Entrepreneurs, like every other human, experience ups and downs with their mental health. Anxiety, depression, ADHD, and external forces like pandemics and recessions can create even greater stress for entrepreneurs who often work alone, or shoulder big risks for their growing companies.
Here are four important things we learned for entrepreneurs to consider when it comes to mental health, and how acknowledging these factors can help you and your team as human beings and as a business.
“It is not uncommon to see tragedy befall the startup community, maybe right before the tipping point in somebody’s business, because the mental game got so muddied and they became so isolated and alone.” Ken Clark, MA, LMFT
Entrepreneurs can help each other by sharing about their struggles
Fear, isolation and lack of access to mental healthcare has serious repercussions for any entrepreneur, small business owner, or employee of any kind. When survival mode is activated by these issues, things that entrepreneurs need to be – creative, innovative, resilient – become virtually impossible.
One big reason people hesitate to reach out for help is the lack of other entrepreneurs out there speaking openly about the fact that they’ve been there, and it’s normal. Without that support, isolation compounds the stress for people who think they’re alone in their experiences. In addition to the human pain and suffering, productivity and executive function can be lost for days, weeks and months.
2. Poor mental health awareness makes team dynamics bad
If an entrepreneur is doing things right, she will become part of a team soon enough. Teams are made of people, who all have their own mental health journeys. It is well known that team culture – and team drama – impacts outcomes for the individual (how it feels to be me as a leader or team member) as well as for the team.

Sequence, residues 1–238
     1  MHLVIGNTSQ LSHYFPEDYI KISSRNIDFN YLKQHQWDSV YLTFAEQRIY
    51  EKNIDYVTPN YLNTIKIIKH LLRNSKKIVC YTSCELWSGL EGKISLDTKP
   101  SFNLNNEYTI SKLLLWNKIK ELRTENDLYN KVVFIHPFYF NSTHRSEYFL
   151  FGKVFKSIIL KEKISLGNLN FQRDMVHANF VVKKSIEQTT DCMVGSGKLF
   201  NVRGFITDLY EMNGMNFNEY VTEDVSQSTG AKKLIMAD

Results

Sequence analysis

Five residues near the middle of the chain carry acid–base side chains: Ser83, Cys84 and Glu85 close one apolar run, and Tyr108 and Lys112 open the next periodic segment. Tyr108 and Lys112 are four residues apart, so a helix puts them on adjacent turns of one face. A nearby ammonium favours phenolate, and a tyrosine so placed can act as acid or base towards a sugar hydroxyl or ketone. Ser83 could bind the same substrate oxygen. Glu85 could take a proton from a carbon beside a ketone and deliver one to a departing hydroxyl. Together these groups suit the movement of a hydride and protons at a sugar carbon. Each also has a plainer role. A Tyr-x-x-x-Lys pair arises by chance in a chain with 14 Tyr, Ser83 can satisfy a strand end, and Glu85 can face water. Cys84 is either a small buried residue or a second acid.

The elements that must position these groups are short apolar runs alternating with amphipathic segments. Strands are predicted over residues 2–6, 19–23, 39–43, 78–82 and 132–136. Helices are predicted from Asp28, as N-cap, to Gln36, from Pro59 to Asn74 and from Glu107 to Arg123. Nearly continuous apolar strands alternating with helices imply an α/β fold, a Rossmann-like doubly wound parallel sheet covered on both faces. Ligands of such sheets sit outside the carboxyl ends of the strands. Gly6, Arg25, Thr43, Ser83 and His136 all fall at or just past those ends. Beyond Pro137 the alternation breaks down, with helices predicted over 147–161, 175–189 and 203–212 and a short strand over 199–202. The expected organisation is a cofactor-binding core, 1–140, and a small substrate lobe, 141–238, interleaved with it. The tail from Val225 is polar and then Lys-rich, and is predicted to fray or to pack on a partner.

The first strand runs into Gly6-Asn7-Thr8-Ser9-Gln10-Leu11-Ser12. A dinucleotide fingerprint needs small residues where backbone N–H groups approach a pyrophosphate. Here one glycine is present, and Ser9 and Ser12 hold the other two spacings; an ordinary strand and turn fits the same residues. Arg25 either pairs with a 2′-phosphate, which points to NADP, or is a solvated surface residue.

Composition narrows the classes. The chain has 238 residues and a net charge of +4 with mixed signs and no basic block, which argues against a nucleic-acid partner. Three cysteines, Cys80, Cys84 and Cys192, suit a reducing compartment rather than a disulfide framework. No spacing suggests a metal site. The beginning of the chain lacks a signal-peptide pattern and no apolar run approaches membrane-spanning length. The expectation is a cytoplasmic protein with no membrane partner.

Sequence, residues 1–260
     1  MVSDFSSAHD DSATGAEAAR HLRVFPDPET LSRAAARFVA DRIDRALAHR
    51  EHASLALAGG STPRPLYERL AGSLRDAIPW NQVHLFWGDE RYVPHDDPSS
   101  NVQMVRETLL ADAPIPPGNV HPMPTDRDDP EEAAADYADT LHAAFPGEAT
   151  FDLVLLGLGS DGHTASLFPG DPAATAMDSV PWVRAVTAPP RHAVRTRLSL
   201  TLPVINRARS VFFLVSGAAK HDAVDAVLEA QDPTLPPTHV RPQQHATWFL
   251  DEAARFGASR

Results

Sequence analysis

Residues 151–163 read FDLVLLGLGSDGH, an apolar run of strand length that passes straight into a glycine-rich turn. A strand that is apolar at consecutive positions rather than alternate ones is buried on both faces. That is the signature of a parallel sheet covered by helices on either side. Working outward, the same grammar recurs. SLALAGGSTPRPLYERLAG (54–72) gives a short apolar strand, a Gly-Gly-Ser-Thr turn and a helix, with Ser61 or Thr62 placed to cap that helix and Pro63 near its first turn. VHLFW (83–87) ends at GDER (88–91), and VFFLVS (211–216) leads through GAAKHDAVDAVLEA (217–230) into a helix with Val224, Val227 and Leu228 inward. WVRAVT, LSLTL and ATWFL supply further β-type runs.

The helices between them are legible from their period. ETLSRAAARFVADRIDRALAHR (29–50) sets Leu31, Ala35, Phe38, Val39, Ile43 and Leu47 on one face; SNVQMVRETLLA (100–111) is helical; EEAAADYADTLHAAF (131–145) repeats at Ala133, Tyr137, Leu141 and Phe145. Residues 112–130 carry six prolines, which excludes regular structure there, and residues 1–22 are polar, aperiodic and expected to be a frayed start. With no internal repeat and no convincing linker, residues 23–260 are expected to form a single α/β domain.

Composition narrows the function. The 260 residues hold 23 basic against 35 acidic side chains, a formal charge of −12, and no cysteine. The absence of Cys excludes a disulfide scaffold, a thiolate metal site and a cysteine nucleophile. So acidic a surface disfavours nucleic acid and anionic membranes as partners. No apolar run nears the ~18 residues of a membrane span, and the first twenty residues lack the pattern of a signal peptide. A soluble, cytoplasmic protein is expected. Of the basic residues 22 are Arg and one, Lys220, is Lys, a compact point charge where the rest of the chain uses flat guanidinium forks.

If we in the entrepreneurial community don’t learn to talk about mental health as part of company culture in a proactive fashion, then we’re missing the boat. The best teams lean into and prioritize mental wellness as a group. If you want to build good teams who build big things, where the people stay healthy and don’t implode, you’ve got to integrate mental health into team culture and dynamics.
3. Mental wellness develops grit and resilience
Everyone in the entrepreneurial space values resilience and grit, but few talk about how a person develops those things. The answer? You guessed it: mental wellness. It’s a muscle that can be flexed and strengthened, just like any other.
The majority of businesses fail not because they didn’t have a good idea, but because they couldn’t hold on long enough to reach critical mass. Entrepreneurship is a brutal journey, and 10 years is the industry benchmark for knowing if a business is going to make it. Getting through 10 years is a long slog, and we’ve got to help each other access the resources to hold on when things get really tough. The mental health discussion is the best way to teach people how to develop mental resilience and grit, especially via destroying isolation through community.
4. Supporting the supporters
Becoming an entrepreneur doesn’t only affect the individual. The waves of change rock everyone around the new business owner: spouse, kids, parents, friends. The intensity and stress of ditching a job with benefits, working late nights, all of the challenges and emotions, collide with everyone in an entrepreneur’s circle. If we don’t support the people who are supporting the entrepreneurs at ground zero, the whole system crumbles.
When conflict inevitably arises, especially when the interest of the business is not aligned with the real and legitimate interests of loved ones, things can get dicey for everyone involved. Encouragement and empowerment is key, whether it’s through couples’ counseling, family retreats, or support groups.
Mental health, especially for entrepreneurs, is typically remediative these days. In other words, you’re broken, now we have to get you fixed. But mental wellness is the entrepreneurial version of training for a marathon. You have to put the effort in ahead of time so that you’re ready when the hard part comes.
These issues can make or break the future of your endeavor. But if entrepreneurs take mental health seriously and work proactively, there is an opportunity to flip the script in a transformative way.
This article is our paraphrased recap of The Venture Center’s first #VCHealth event. We will continue this essential conversation on the last Friday of every month this spring, with subject matter experts discussing a range of mental health issues and offering practical advice. Sign up for the VC Newsletter to get the heads up on our mental health series and all of the other events supporting entrepreneurs we’ve got coming up.
UPCOMING VCHealth Event: REGISTER HERE the next event – VCHealth | Mental Health Toolkit for Employers